Sunday, August 31, 2008

Sunday Music: Curtis Eller

Well! Now that I'm back at my own computer, preparing for school and another all-too-short semester, how about some late Sunday Music?

Curtis Eller. "Sugar in My Coffin." Live at Dr. Sketchy's.

A nice performance that picks up as it goes along and the audience gets involved. A wonderful spoken part in the middle.

I still have yet to pick up a couple of Eller's albums so I can't quite comment on his growth as a songwriter, but I've spun his Taking Up Serpents Again more than a few times in the last year. Like many of the new folk/Americana acts appearing these days, he seems to take a slightly detached (some say 'ironic') approach to his craft. Though his stage presence is full of life, it seems that he typically writes about experiences of others, particularly historical figures (Lincoln above, Amelia Earhart and Buster Keaton also get songs on the same album) or characters immersed in the sort of America one doesn't expect from a NYC native (like the snake handling of the title song).

There's nothing inherently wrong with this. It describes some of my favorite acts as well (Tom Waits, the Decemberists), and there certainly wasn't any shortage of folk, blues and country being written internally within the recording and sheet music industries of the Big City even during the supposed heydays of the genres. But it seems to me that many of these genres are still waiting for another American songwriter who has genuinely lived an interesting life through the highs and lows of our culture and stumbled onto some interesting ground without having searched for it.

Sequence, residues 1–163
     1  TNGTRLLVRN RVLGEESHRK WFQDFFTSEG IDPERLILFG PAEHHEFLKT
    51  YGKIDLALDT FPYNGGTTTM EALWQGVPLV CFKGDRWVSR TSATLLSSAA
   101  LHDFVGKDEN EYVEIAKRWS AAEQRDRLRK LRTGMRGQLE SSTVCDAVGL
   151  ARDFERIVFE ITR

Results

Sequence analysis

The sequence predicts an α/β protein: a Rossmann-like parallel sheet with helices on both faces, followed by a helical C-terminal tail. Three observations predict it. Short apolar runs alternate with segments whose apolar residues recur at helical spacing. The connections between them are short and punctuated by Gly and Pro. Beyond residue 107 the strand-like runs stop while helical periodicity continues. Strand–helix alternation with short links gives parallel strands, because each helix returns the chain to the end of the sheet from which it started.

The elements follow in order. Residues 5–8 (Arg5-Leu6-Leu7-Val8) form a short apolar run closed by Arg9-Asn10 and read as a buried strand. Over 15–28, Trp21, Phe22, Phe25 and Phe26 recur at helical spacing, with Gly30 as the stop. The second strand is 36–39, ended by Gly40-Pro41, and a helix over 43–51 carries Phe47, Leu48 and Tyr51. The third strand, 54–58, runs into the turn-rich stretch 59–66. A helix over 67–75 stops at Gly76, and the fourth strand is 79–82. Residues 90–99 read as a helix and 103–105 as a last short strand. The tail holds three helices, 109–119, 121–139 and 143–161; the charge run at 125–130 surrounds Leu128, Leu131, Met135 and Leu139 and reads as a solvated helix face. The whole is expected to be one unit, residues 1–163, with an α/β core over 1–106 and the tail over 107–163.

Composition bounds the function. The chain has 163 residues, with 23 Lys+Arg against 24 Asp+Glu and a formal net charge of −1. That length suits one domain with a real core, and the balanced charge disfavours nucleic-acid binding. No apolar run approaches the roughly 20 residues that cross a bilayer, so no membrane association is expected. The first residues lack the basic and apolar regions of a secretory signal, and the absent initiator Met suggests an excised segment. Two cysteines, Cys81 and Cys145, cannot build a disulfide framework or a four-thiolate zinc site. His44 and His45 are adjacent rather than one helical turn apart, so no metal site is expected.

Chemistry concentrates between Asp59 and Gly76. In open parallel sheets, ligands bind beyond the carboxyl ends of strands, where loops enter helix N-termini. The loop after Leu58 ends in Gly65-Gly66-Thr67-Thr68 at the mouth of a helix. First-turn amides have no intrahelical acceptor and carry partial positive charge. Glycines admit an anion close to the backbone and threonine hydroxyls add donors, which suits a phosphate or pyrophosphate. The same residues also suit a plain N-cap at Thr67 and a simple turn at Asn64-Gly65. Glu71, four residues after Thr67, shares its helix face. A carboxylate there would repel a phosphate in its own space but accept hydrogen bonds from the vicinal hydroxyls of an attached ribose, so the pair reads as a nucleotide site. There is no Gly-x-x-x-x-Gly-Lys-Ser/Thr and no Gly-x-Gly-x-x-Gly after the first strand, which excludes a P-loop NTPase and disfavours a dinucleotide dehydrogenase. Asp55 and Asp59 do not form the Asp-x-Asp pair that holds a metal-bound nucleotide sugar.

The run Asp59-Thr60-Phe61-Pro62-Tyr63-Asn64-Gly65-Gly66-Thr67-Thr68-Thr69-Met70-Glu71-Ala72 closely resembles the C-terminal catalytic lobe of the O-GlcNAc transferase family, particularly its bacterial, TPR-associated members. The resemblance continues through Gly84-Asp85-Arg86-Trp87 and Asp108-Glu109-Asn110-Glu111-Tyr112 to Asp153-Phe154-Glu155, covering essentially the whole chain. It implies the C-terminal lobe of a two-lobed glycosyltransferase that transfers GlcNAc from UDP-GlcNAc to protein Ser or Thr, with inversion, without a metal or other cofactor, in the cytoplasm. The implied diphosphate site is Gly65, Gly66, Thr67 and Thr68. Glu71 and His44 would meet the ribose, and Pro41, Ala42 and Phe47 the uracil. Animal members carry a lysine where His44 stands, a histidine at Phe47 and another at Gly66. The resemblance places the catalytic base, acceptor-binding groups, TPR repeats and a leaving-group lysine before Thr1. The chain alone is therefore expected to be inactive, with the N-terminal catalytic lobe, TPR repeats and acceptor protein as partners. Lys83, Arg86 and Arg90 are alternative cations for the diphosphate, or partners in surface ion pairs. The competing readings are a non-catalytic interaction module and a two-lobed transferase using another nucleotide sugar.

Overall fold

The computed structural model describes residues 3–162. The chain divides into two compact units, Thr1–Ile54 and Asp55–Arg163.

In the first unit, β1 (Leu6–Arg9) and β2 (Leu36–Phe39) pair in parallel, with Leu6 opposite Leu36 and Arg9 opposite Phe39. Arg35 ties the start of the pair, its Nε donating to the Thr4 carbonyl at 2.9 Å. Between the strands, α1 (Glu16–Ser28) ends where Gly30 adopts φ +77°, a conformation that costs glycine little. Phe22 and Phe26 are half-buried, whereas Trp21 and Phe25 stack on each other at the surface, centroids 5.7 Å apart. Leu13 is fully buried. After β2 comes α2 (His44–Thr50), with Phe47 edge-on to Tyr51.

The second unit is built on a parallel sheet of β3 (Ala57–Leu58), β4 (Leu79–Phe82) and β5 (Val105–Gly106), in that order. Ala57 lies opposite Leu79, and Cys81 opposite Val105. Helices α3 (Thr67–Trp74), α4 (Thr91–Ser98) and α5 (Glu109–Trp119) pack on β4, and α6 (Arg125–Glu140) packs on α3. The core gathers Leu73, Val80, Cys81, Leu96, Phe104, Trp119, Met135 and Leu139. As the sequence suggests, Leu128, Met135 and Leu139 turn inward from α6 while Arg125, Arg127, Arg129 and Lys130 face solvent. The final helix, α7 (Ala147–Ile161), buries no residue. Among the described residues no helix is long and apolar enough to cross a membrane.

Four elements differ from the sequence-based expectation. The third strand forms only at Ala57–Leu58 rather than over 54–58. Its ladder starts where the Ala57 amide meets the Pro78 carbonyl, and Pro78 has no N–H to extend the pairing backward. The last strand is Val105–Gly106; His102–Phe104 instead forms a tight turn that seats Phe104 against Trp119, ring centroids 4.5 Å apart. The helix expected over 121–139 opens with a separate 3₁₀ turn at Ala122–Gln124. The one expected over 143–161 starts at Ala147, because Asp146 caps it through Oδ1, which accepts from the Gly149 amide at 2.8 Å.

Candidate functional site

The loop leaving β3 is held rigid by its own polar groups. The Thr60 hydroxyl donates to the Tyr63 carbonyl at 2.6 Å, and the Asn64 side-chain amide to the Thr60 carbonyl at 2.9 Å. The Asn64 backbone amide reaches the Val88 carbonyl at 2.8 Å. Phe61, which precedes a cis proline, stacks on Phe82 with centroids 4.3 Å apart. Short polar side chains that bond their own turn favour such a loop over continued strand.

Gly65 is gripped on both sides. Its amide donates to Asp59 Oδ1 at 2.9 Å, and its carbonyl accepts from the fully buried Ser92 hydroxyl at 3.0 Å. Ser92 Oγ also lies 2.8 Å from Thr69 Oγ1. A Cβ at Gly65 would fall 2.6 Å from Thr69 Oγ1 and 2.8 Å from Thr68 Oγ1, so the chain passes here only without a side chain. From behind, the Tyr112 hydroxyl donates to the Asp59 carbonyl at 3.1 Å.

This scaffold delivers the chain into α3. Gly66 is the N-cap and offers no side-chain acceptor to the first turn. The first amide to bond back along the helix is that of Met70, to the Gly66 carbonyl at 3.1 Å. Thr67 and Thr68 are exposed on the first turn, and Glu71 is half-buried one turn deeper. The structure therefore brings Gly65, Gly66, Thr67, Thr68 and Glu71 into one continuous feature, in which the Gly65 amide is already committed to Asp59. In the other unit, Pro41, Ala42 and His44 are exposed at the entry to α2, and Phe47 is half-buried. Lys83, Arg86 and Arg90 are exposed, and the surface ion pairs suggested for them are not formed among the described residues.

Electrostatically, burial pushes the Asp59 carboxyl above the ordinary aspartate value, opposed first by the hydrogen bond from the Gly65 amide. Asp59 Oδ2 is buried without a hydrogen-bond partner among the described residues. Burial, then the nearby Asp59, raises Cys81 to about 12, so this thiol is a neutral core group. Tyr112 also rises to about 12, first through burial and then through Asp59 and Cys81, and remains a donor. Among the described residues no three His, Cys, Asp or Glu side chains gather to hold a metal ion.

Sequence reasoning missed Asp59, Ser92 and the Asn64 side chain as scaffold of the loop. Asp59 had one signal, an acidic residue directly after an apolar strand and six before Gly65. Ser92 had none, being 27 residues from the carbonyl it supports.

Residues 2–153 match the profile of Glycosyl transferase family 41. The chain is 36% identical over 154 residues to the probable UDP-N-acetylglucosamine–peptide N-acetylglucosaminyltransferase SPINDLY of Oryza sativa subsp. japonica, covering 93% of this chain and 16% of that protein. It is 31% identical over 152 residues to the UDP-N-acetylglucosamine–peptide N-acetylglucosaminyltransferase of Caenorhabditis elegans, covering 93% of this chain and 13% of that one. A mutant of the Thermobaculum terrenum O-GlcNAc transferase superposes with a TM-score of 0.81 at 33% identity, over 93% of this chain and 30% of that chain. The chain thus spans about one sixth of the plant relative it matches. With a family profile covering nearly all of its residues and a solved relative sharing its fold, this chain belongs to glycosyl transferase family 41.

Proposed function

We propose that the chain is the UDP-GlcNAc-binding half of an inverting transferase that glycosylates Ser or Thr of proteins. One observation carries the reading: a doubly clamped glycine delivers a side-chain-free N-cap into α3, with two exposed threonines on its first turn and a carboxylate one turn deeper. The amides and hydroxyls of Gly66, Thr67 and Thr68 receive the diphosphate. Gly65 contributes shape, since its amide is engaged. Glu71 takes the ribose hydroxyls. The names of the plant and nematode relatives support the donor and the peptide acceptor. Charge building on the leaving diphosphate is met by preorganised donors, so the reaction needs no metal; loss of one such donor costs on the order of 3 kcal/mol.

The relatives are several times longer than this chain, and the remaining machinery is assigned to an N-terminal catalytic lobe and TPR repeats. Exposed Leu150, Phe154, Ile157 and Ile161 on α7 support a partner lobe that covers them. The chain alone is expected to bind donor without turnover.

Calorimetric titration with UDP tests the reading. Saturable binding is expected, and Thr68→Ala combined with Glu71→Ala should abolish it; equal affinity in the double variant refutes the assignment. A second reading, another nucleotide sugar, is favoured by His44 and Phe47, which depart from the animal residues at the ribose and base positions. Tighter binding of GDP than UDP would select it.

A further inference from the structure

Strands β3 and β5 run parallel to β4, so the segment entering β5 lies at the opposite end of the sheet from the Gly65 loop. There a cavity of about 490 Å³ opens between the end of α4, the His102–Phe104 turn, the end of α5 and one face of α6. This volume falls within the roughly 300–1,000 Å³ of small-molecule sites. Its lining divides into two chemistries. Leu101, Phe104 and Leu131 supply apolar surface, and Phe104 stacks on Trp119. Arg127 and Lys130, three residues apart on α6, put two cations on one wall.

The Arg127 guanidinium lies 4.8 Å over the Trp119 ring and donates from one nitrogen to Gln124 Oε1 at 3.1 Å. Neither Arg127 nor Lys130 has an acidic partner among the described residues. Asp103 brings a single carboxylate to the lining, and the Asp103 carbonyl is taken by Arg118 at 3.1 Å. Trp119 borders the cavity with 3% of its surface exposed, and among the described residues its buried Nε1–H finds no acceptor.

Which, of course, brings me to fellow banjoist, John Hartford.

John Hartford. "Steamboat Whistle Blues."

I became a fan of Hartford after hearing only his performance on Béla Fleck's second Tales from the Acoustic Planet in 1999. I bought and borrowed Hartford's 70s albums quickly after as well as his more recent Ed Haley fiddle albums. The man wrote charming, original music that was deeply rooted in tradition and his own obsessions. Despite rarely writing a true love song, everything he did seemed to come straight from his strange, strange heart.

One of the things missing in the NYC trad school is being in touch with the techniques of the old guard. Hartford was a veritable encyclopedia of American traditions, particularly when it came to fiddle and banjo styles. Like the movement from regional traditions to a generic 'celtic music' in the seventies, the movement toward a generic 'Americana' has removed much of the liveliness and diversity. (The same happens in other genres as well. Witness the recent boom in 'gypsy music' that seems ignorant of so much Roma music.)

I can't help but feel with artists like Eller that their banjos are props. It's certainly hard to imagine Eller without his banjo, but something about the way he plays it seems generic and impersonal. His technique is neither traditional nor new. There's few echos of Doc Boggs and even fewer voicings never heard before.

But I'll grant that Eller knows his own voice quite well, but then, the power of a song - the part that makes it iron-clad in Hartford's terms - is often what the song allows others to re-interpret. A rather zen-like strength in bending.

Oh, and Hartford also knew how to kick it up on stage too.